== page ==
The real danger in foreign policy

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The real danger in foreign policy


Spencer Kim
The author is a member of the Council on Foreign Relations. He is CEO of CBOL, a California aerospace company, a co-founder of the Pacific Century Institute, and was appointed by President Bush to represent the United States on the APEC Business Advisory Council.

Every year I read a few of what, for me, are classics. On the politics of foreign policy, it is Leslie Gelb’s undervalued article from the May/June 2009 volume of Foreign Affairs entitled, “Necessity, Choice, and Common Sense.” In it he describes the domestic “demons” of U.S. foreign policy that combine to curtail the parameters of possible policies and label anyone not deemed “tough” enough as so far out of the mainstream that they can’t be invited to the next meeting. I suspect my dis-invitations will follow what I have to say below.

Another necessary re-read is William Fulbright’s “The Arrogance of Power.” He wrote that it is the tendency of human antagonists to dehumanize each other, and to implant a preconception of the other as evil, and to then filter every piece of information about the antagonist to reinforce that preconception. And to disregard the other side’s narrative of its hopes and fears as invalid. Therefore, Fulbright concluded, the real danger comes from nations which tend to equate power with virtue and feel self-righteous in forcing their will on others.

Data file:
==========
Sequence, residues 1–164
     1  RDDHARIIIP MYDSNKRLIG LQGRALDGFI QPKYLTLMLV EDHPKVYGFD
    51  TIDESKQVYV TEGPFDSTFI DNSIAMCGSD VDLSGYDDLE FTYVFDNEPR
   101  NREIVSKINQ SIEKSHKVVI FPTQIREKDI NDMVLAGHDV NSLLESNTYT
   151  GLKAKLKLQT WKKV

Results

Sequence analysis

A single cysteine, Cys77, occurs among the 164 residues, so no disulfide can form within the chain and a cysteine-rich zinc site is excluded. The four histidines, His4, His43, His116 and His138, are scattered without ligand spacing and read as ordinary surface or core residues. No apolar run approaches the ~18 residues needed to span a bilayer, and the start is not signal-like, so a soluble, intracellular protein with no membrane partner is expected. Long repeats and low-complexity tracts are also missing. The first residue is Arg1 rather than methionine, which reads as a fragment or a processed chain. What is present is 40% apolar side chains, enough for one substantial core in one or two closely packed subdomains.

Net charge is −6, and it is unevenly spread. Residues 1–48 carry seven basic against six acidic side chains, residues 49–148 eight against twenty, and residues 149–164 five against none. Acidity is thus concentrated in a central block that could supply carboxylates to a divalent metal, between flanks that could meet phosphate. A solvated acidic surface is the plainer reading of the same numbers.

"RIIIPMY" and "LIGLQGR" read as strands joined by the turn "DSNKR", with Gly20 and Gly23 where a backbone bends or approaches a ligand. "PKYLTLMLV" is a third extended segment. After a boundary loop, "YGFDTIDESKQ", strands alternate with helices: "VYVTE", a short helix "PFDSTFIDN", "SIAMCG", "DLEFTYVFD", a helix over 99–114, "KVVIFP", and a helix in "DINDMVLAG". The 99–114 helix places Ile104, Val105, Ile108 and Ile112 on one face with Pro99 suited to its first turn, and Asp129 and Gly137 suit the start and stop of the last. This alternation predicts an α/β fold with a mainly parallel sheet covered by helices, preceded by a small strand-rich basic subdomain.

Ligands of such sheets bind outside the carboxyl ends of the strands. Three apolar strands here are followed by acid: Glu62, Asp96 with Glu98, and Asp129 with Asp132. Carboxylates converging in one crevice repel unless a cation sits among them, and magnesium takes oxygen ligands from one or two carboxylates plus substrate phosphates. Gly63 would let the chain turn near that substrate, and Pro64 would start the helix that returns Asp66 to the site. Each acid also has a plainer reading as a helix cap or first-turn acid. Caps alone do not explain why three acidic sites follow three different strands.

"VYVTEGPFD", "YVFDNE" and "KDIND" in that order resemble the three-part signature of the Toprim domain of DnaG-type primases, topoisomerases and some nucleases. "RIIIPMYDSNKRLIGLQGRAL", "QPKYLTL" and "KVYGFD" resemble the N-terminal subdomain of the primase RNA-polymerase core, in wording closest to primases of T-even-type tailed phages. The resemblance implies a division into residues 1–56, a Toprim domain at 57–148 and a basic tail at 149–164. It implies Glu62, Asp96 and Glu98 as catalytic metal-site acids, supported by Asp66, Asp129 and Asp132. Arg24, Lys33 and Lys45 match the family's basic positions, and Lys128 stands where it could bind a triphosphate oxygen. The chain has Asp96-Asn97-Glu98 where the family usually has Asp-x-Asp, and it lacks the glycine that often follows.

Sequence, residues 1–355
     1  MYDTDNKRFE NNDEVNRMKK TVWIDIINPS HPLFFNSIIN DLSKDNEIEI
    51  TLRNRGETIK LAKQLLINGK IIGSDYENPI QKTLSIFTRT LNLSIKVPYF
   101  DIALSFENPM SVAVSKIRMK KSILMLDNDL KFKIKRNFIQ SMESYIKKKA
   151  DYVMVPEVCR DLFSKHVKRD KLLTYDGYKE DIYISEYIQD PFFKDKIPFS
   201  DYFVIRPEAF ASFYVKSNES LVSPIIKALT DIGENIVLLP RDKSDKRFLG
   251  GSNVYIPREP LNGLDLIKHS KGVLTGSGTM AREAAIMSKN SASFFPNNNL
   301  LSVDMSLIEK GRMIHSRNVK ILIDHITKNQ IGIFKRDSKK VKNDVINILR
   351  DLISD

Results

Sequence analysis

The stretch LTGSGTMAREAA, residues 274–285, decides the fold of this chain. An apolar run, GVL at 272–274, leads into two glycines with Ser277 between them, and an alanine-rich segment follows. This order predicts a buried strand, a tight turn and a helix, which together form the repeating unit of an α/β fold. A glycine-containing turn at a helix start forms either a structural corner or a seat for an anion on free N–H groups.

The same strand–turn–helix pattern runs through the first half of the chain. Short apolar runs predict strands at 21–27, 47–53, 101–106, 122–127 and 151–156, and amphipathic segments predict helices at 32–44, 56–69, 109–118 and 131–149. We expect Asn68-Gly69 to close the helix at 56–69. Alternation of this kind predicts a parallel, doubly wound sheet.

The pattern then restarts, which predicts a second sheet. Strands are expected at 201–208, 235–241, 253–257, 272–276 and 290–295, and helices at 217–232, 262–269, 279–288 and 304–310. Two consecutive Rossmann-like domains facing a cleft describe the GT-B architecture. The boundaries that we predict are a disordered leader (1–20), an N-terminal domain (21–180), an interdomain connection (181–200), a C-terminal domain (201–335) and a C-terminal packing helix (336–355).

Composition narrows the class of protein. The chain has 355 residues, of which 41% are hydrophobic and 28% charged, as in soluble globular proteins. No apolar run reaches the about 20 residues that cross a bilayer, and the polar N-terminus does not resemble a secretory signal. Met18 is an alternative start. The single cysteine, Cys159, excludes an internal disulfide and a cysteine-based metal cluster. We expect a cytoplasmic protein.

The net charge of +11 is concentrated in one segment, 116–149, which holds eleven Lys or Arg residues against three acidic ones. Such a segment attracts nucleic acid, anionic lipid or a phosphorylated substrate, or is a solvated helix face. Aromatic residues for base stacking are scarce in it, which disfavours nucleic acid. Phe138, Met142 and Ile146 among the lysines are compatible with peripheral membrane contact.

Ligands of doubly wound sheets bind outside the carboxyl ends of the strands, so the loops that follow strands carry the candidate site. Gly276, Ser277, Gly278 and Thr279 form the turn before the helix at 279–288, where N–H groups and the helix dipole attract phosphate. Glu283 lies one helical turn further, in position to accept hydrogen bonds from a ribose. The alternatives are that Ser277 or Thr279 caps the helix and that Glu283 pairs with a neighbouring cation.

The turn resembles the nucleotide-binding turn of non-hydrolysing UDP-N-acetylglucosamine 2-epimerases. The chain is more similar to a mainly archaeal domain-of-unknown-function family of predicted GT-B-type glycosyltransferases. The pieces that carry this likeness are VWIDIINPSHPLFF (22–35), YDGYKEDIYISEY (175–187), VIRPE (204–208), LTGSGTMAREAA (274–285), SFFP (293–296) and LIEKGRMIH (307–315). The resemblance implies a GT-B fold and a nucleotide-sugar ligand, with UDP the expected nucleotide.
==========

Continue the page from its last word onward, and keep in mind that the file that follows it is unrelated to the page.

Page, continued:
I see Gelb and Fulbright’s insights at work on America’s policy “experts” regarding the Korean Peninsula today. Here is the current circular, and dysfunctional, logic at work:

North Korea must not be allowed to have nuclear weapons … We must force it to give the nukes up … Military attack is too dangerous, Seoul is too close…Let’s sanction them into strangulation and capitulation … Trade with China is a lifeline to North Korea, China has to agree to the sanctions … China says the issue should be resolved through negotiations … North Korea will never negotiate away its nuclear weapons … negotiations are worthless, therefore the Trump and Moon administrations are being hoodwinked … North Korea must not be allowed to have nuclear weapons … We must force it to give the nukes up…

The way to break the cycle, of course, is to be somehow ever “tougher” — negotiating with North Korean leader Kim Jong-un is giving him something for nothing. Only when he proves he is going to surrender by actually completing denuclearization can we be serious in accepting his surrender and relaxing sanctions. Ah, Gelb, how right you were.

Kim Jong-un’s fears for the long-term security of his regime are bogus, he really just wants to decouple the U.S.-ROK alliance so he can take over the ROK (twice as populous and 75 times the GDP.) He doesn’t care if his economy has to rely on the gentle mercies of Chinese largesse; that isn’t part of his calculation for the legitimacy of his coming long reign. It can’t be true that Kim might lighten up on human rights if he feels secure and pursues Asian tigerhood. Ah, Fulbright, you were right, Kim is a dehuman.